By Michael T. Bello
Published Mar 23, 2017 at 8:00 PM ET; Updated Mar 23, 2017 at 7:54 PM ET

Wellesley CollegeWellesley, MA — In a surprising move, Wellesley College announced that they will no longer field a varsity squash team. The school plans to compete as a club beginning next season.

As part of the transition, varsity head coach Wendy Berry’s tenure with the Blue Pride has ended. Berry just completed her tenth season at Wellesley. Overall, she led the team to an 89-135 record.

During the summer of 2005, Wellesley shifted squash from a varsity to a club sport for the first time. The club team formed a partnership with the Dana Hall School, a nearby women’s preparatory school that had four international squash courts. Student and alumni passion for squash led to the return to varsity status and the hiring of Berry.

Berry has had an extensive coaching career, which includes teaching collegiate, professional, and national players. During her playing career, Berry represented England in numerous international competitions.

In 2009, the Women’s College Squash Association presented Berry with the Chaffee Award, which is given annually to a coach whose team has demonstrated the qualities of sportsmanship, teamwork, character, and improvement. She guided Wellesley to the 2010 E Division title at the Women’s College Squash Association National Team Championships.

Under Berry’s tutelage, two Blue Pride players, Ashley Stevens (2010) and Kate Loftus (2016) were presented with the Wetzel Award, which is presented annually to a senior who began playing squash in college and has progressed to a high level of skill, demonstrates sound understanding of the game, and exhibits good sportsmanship and a positive demeanor on the court. Berry’s qualities as a teacher were evident in her players being recognized with the Wetzel Award.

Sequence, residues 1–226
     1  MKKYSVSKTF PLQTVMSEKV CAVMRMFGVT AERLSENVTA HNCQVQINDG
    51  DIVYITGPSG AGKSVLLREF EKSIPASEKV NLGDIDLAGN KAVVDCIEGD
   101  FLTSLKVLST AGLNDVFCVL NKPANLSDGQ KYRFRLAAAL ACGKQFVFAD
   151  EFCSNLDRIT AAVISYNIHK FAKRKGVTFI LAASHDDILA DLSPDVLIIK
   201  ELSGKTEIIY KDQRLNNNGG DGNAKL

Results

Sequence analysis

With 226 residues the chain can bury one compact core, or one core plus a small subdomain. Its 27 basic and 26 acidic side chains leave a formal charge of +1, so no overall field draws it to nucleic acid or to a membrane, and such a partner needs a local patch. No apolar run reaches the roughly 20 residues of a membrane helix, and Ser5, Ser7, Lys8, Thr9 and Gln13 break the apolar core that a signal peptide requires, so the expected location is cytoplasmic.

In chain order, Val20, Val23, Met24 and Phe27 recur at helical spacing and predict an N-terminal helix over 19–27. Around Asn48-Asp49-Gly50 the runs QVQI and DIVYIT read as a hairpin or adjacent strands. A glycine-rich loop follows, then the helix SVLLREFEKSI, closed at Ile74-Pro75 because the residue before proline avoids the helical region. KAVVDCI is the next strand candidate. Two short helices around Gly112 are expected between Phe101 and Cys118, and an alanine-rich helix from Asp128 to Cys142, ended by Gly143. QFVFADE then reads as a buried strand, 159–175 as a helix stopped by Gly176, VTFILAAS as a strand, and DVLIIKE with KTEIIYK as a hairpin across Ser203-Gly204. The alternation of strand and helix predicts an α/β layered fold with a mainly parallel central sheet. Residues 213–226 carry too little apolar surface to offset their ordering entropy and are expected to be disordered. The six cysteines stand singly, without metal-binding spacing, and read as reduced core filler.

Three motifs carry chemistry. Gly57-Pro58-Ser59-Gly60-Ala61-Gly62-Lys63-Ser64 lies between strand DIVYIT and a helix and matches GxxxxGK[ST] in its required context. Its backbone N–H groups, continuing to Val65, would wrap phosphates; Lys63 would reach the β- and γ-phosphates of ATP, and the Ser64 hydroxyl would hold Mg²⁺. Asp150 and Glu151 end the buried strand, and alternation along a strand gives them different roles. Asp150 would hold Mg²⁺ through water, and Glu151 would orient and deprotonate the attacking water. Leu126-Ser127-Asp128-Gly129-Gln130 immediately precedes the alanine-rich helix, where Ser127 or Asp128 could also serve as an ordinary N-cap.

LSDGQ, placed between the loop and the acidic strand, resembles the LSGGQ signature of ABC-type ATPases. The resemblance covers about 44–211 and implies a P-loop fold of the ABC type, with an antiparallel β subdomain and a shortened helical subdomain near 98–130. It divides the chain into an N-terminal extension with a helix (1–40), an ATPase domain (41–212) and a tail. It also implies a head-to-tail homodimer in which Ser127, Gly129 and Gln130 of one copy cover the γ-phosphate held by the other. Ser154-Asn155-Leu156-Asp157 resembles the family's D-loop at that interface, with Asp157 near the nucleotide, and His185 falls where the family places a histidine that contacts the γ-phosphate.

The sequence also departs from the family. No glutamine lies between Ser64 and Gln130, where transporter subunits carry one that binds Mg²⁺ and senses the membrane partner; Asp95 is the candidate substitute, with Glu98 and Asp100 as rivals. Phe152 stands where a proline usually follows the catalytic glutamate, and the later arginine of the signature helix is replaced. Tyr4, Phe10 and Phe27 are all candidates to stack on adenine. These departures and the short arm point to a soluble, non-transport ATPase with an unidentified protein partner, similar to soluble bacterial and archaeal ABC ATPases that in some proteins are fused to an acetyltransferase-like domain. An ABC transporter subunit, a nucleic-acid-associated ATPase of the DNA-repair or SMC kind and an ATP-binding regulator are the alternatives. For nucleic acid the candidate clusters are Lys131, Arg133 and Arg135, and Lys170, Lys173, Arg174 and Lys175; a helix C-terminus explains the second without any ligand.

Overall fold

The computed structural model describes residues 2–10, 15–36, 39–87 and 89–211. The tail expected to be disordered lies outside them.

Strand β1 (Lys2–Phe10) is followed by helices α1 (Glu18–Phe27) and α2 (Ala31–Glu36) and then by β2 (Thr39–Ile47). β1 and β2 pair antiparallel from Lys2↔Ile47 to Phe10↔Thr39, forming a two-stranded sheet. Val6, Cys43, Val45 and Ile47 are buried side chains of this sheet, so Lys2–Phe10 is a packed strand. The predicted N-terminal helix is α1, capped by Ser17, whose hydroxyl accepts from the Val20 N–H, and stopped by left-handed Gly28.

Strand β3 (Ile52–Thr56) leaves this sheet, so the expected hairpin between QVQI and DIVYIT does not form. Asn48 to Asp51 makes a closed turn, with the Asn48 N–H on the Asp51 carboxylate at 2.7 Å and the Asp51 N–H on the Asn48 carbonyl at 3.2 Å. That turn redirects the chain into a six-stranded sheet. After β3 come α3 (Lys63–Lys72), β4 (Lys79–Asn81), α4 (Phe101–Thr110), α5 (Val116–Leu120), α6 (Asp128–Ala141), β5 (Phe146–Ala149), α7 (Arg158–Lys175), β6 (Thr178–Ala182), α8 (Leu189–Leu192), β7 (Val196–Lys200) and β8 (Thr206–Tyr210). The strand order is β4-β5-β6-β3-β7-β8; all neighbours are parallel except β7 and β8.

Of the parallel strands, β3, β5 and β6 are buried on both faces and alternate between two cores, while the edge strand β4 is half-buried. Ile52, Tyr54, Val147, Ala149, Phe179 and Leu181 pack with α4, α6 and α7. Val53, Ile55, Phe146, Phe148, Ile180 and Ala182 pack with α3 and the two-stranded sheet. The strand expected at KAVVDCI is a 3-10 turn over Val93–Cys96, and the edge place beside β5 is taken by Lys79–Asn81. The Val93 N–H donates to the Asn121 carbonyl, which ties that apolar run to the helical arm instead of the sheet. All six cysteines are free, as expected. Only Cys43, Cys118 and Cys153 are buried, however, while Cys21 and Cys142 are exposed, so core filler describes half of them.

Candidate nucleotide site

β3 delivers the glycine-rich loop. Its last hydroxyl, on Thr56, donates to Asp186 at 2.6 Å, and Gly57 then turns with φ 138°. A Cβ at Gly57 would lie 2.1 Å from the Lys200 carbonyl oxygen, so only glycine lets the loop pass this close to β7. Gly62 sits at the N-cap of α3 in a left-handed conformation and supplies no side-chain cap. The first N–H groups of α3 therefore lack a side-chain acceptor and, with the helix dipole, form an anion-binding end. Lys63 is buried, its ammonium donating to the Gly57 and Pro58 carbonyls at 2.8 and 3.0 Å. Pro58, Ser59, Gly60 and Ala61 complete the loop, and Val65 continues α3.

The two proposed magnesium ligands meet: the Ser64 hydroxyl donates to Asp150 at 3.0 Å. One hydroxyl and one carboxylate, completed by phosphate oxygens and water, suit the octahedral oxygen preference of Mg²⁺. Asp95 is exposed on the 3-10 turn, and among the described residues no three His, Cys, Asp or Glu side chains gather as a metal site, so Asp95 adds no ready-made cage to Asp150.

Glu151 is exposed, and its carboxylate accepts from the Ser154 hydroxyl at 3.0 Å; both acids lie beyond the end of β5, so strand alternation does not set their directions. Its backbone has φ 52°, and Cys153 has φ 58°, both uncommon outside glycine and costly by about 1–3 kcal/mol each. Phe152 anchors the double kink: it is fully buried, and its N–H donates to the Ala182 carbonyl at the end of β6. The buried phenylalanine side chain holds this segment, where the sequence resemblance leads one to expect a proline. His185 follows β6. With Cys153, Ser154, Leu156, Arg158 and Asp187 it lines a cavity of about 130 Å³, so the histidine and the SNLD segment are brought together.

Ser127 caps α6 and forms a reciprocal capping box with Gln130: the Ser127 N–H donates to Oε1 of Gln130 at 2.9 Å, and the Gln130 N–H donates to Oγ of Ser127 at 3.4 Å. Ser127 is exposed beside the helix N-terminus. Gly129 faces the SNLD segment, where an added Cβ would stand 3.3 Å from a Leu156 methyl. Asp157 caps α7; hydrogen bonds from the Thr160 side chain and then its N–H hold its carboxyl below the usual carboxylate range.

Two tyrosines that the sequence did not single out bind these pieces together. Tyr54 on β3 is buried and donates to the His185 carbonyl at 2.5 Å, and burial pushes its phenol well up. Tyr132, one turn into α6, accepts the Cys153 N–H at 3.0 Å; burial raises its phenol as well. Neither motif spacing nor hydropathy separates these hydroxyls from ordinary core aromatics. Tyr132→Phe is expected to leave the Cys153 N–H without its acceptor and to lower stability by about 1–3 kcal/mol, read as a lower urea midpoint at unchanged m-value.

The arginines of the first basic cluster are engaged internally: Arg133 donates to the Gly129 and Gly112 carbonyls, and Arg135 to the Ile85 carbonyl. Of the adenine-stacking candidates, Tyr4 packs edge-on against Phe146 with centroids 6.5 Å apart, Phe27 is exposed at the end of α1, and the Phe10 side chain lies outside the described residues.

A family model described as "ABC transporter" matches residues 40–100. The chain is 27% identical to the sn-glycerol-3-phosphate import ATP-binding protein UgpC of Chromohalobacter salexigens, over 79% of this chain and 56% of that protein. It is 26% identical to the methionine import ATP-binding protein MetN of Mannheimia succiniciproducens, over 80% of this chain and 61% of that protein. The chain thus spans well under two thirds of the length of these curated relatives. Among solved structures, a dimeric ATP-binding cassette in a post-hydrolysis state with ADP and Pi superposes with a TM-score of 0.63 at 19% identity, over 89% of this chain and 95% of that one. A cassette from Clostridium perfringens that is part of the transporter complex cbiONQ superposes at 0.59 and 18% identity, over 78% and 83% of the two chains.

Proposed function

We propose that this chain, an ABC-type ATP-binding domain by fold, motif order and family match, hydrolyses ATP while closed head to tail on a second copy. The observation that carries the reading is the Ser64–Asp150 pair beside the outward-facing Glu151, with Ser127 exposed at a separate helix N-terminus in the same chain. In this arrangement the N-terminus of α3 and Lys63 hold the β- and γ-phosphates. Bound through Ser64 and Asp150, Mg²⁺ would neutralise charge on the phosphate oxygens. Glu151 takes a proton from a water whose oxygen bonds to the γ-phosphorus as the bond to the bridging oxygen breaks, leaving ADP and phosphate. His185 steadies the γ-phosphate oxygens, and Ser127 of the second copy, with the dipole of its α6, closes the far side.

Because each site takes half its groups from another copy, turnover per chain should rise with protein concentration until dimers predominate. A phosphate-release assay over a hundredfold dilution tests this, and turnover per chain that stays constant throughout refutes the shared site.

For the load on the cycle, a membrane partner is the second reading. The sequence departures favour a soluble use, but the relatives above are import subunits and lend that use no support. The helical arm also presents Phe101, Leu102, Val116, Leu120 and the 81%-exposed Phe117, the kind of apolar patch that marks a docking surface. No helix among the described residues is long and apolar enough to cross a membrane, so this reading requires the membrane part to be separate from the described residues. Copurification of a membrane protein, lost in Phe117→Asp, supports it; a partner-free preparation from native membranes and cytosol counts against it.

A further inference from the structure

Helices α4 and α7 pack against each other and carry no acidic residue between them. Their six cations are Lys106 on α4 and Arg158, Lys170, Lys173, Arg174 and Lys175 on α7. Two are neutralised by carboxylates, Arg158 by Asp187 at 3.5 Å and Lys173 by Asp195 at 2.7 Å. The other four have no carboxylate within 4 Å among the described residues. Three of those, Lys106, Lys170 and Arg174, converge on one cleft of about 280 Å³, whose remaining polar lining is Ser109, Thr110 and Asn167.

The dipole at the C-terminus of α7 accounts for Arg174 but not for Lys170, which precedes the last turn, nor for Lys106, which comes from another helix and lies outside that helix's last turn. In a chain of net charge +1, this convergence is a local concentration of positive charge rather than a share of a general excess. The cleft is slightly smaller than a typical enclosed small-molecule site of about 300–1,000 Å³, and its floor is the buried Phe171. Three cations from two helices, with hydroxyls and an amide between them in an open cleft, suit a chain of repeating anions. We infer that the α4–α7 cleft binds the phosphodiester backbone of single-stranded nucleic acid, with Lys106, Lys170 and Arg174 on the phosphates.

Now as a club program, Wellesley will be ineligible for future College Squash Association awards, such as the Chaffee and Wetzel awards. In addition, Wellesley will not be ranked for the majority of the season.

Berry guided the Blue Pride to three winning seasons: 2013 – 2014, 2014 – 2015, and 2015 – 2016. During those seasons, Wellesley also captured the Seven Sisters title.

Supporting her fellow coaches, Berry served numerous seasons on the Executive Committee of the Women’s College Squash Association.

Wellesley had a strong squash tradition. The school first fielded a team in 1940 and hosted the first two women’s individual national championships in 1965 and 1966. In 1969, Wellesley’s Sandy Servans was a finalist in the individual tournament.

In announcing its decision to drop varsity squash, Wellesley cited the lack of growth in collegiate squash since 1994. This is the same logic that Smith College cited when it dropped its program from varsity to club at the conclusion of the 2014 – 2015 season.

This logic cited by both Smith and Wellesley appears flawed considering nine schools have added varsity squash since the 1993 – 1994 season: Haverford (1993 -1994),  William Smith (1998 – 1999), St. Lawrence (1999 – 2000), George Washington (2002 – 2003), Stanford (2003 – 2004); Middlebury (2007 – 2008, added men’s team to an existing varsity women’s team), Columbia (2010 – 2011), Drexel (2011 – 2012), and Dickinson (2014 – 2015). These nine schools have recognized the potential of collegiate squash and the benefit the sport provides to student athletes and the institution. Of the nine schools that have added varsity squash programs, four of the programs have had either a men’s or women’s program compete in the top division of the National Team Championships.

In addition, several club programs have been progressing towards or are pursuing varsity status, including the University of Virginia and the Bard women.

Wellesley and Smith are only funding varsity sports that are recognized by the NCAA. With intercollegiate squash’s growth over the past 20 years, Wellesley’s and Smith’s decision to downgrade their programs only harms student athletes from all varsity institutions and defers the possibility of NCAA inclusion a few more years.